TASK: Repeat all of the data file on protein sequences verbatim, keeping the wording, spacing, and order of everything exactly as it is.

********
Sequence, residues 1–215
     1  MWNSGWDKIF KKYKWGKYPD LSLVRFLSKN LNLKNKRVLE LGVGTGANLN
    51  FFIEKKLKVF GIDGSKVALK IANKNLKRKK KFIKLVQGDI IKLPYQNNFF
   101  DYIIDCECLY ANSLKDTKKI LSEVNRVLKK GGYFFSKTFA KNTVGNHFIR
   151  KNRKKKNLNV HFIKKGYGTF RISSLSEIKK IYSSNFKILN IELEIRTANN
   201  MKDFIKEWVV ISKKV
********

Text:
Sequence, residues 1–215
     1  MWNSGWDKIF KKYKWGKYPD LSLVRFLSKN LNLKNKRVLE LGVGTGANLN
    51  FFIEKKLKVF GIDGSKVALK IANKNLKRKK KFIKLVQGDI IKLPYQNNFF
   101  DYIIDCECLY ANSLKDTKKI LSEVNRVLKK GGYFFSKTFA KNTVGNHFIR
   151  KNRKKKNLNV HFIKKGYGTF RISSLSEIKK IYSSNFKILN IELEIRTANN
   201  MKDFIKEWVV ISKKV